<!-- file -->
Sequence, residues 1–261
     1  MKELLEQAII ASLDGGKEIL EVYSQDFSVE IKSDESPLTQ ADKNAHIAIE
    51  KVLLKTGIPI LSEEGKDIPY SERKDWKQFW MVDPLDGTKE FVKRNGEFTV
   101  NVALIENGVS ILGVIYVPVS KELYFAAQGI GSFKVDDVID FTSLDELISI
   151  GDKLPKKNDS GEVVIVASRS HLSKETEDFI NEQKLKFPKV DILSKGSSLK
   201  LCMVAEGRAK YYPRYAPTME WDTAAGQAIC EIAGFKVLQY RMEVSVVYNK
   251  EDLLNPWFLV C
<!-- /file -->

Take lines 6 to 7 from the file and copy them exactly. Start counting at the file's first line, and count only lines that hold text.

   201  LCMVAEGRAK YYPRYAPTME WDTAAGQAIC EIAGFKVLQY RMEVSVVYNK
   251  EDLLNPWFLV C